Court reveals reasons why it refused asylum seeker’s appeal

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THE Royal Court has revealed its reasons for denying a Syrian refugee’s appeal against a decision that refused him asylum in Jersey, despite concerns for his safety and his reported suicidal tendencies.

The asylum seeker came ashore at Anne Port

The man, who arrived in Jersey at Anne Port aboard a dinghy in August, appealed against the decision which, according to the documents, began with a ‘misleading’ interview when he was first taken into custody by the Jersey Customs and Immigration Service.

However, the judgment shows that, even if that initial interview had been conducted differently, the Court remains of the view that the the minister’s decision to return the man known as ‘X’ to the European country from which he had fled would have remained the same.

The judgment observed that X was not made aware that his first interview with Customs officers could result in a decision being made regarding his asylum claim, and as such, he did not fully understand his situation when forgoing the right to legal representation and access to an interpreter.

‘We make no observations at this point about the detail of the interview but we note that it does not appear, in the context of discussing the need for legal advice or indeed for an interpreter, to have been made clear to the applicant that as a result of what he said in interview the decision may have been made to deny him his claim for asylum and return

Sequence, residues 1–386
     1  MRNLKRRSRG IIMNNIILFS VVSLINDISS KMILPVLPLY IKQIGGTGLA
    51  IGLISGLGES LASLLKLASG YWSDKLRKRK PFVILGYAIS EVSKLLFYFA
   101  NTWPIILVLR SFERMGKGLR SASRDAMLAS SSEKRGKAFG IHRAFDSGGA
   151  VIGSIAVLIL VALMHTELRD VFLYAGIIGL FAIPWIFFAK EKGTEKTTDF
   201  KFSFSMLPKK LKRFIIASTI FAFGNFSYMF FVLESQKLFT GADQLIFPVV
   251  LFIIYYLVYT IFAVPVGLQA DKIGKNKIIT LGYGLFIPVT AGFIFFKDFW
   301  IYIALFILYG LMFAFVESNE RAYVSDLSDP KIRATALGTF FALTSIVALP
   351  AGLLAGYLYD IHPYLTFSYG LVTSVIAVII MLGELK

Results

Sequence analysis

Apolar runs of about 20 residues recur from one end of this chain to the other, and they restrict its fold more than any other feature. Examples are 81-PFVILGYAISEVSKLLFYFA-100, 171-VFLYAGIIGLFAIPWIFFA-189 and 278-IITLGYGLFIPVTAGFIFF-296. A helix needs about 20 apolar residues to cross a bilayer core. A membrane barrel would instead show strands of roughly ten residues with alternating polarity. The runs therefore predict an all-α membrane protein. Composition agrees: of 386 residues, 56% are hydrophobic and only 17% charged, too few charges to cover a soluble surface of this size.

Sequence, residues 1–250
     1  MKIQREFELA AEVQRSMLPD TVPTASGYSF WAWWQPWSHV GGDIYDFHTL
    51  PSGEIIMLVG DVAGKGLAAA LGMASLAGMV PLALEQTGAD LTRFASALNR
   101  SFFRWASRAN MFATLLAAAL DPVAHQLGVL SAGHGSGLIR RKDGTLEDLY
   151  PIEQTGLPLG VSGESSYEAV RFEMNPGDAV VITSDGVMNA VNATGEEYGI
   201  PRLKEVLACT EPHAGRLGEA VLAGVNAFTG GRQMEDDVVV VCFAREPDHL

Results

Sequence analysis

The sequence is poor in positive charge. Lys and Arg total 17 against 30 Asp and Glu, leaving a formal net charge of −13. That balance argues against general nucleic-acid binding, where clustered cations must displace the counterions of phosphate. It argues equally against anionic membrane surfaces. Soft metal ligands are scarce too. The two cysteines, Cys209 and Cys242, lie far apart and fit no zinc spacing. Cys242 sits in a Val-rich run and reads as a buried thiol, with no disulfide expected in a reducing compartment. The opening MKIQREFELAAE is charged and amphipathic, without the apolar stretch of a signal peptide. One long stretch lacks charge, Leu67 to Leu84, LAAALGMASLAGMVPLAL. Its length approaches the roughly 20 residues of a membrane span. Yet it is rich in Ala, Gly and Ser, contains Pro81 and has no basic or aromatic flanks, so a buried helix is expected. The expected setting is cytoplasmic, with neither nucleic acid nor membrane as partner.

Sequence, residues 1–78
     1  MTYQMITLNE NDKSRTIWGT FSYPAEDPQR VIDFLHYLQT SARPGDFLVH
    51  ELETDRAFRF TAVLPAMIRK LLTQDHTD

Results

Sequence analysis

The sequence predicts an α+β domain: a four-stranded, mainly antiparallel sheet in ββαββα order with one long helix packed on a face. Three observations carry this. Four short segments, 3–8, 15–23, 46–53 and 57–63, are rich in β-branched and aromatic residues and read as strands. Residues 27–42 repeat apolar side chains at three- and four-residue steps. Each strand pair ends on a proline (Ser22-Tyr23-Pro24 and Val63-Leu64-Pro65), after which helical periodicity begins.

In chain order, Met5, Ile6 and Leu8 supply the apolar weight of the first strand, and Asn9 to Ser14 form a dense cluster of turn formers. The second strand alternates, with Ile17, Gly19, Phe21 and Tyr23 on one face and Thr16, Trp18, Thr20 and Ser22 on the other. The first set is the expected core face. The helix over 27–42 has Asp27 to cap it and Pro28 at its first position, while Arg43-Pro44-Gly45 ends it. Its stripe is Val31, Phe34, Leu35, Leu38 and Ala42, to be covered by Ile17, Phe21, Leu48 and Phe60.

him to the European jurisdiction,’ the judgment stated.

‘We think he may have been under the mistaken belief for all or for part of the interview that he was not at any immediate risk of a decision being made.’

A spokesman for the service told the JEP that Customs officers had noted this point, and that it would be ‘taken on board’ for future operations.

‘The Jersey Customs and Immigration Service notes the content of the judgment of the Royal Court in relation to this particular case and welcomes the outcome that JCIS was correct to refuse asylum and not substantively consider the applicant’s case because he was able to be returned to a safe country in continental Europe,’ he said.


‘JCIS is mindful of the comments from the court relating to a discrete aspect of the procedure, which will be taken on board when considering any changes in operating procedures for the future.’